new graffiti

This morning I read a story about a child named Brandon who interpreted the signs, “Let’s Go Brandon” as messages of encouragement to him. I was immediately flooded with a similar triumphant memory. Folks often talk about the resiliency of children and I think one way it happens is by creating safety by any means necessary, even if it’s all in our heads.

When I was little, we walked most places…school, church, grocery store, thrift store and if it was a special day: Church’s Chicken. When I got older, my friends and I would walk past all of those and sit inside Burger King eating french fries, consciously ignoring the cars that were crawling through the drive thru just outside our booth’s window.

Theoretically, one could walk down Kedzie all the way to 159th and cross at the light, but I don’t think we ever did that. Kedzie is a 4 lane avenue and like an 80s video game, we would choose our crossing point and get to the bumpy median, then soon all the way to the other side. Once there, it was a walk on the grass median to get to the short cut sidewalk through a vacant lot that led to Canterbury Shopping Center (all still visible on satellite maps).

This sidewalk was often flanked by guys sitting on the steel guard rails at the entrance and exit. It was always a delicate and finessed moment: look at the ground, but glance up now and then. Be quiet but keep moving. Hold on to your money but keep it easy to drop. Know you are on their turf but remember this is your neighborhood. I don’t recall them ever doing more than questioning what I was doing there and commenting on my appearance now and then. I never ended up there at the wrong time and one day I was sure there would never be a wrong time…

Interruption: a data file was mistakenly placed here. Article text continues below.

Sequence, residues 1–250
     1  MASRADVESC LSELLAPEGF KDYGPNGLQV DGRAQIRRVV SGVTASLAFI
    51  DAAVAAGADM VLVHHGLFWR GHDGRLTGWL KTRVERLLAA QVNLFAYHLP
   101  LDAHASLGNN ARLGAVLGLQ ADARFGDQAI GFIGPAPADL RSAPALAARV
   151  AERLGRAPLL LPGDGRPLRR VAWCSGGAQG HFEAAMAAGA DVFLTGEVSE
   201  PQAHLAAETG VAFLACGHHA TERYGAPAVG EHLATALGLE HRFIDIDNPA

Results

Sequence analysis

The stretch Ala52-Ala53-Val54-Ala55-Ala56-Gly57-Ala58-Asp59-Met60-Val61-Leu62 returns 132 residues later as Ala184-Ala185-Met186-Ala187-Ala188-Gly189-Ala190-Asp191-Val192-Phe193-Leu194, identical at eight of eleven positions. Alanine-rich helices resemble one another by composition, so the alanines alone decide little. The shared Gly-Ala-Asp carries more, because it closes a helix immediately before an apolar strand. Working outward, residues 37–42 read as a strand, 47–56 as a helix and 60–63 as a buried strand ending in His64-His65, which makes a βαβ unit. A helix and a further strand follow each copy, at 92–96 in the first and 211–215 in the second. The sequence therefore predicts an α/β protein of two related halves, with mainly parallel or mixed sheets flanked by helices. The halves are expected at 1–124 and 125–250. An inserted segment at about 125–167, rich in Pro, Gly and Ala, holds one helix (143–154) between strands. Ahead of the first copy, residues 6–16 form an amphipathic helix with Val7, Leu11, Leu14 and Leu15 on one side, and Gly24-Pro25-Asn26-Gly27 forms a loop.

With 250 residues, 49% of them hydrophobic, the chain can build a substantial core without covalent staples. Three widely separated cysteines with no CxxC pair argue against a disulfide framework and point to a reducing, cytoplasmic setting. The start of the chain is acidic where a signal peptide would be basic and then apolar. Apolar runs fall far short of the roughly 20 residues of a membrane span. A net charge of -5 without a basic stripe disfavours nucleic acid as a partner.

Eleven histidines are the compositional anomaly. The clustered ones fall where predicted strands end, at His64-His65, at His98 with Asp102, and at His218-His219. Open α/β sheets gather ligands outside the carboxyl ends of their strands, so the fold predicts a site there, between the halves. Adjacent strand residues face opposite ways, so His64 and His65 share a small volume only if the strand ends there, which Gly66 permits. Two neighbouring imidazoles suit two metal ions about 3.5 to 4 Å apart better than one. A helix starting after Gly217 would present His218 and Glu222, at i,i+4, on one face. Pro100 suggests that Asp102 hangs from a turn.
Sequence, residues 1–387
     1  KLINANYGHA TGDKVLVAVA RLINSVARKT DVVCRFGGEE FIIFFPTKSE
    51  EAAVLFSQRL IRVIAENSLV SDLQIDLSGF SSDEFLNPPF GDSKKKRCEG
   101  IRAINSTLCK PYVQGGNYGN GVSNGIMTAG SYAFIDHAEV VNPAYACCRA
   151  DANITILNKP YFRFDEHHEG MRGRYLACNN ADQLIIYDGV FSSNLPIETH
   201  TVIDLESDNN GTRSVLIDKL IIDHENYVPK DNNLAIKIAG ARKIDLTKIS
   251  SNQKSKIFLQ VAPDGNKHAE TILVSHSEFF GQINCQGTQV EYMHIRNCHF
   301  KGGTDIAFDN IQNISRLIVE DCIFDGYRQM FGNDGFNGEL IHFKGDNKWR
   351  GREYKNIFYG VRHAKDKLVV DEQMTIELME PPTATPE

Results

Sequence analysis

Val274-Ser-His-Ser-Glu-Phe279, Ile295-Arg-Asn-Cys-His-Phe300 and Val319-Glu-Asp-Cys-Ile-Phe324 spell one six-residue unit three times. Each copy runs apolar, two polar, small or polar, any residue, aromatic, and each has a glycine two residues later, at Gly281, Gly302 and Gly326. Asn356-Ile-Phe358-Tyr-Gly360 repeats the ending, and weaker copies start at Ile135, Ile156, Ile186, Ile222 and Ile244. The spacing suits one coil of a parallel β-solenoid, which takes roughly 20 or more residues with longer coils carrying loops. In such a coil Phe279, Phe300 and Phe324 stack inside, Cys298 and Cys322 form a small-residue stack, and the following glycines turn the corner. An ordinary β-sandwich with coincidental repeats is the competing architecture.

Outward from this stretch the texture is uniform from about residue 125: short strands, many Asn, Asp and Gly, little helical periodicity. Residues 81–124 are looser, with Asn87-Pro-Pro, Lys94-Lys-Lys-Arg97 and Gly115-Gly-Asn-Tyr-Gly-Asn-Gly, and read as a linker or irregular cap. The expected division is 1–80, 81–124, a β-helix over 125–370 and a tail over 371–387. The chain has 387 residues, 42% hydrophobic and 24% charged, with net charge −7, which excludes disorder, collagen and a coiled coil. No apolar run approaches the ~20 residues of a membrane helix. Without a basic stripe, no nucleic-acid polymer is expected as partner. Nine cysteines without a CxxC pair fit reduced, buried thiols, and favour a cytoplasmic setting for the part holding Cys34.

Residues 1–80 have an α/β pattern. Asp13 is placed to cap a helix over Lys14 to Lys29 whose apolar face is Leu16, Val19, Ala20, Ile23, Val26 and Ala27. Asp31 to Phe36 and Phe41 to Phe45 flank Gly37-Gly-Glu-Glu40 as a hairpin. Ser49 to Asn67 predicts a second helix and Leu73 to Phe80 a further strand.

there was new graffiti.

I had walked down 163rd, turned onto Kedzie, crossed over somewhere within a couple blocks and approached the sidewalk. Looking beyond the sidewalk lot, one could easily see the side of the tire shop, decorated with random letters and numbers, stars and pitchforks. On this day there was fresh graffiti and I could read. BLACK DISCIPLES.

I knew about these! These were the good guys! These are Jesus’ cohorts! My community was mostly black and I immediately visualized those faces taking over the pale faced robed characters from the Foundation Series Sunday School books.

What I didn’t know until years later is that the Black Disciples are a well organized street gang in south side Chicago and likely the reason we had to remove the star logo from Converse shoes per school dress code.

I don’t think I mentioned this to anyone until I was older, but from the day my terry cloth skirt graced my knobby tanned knees, I walked with the belief that my community was safer and watched over by 12 black friends of a peacemaker who had made themselves known overnight.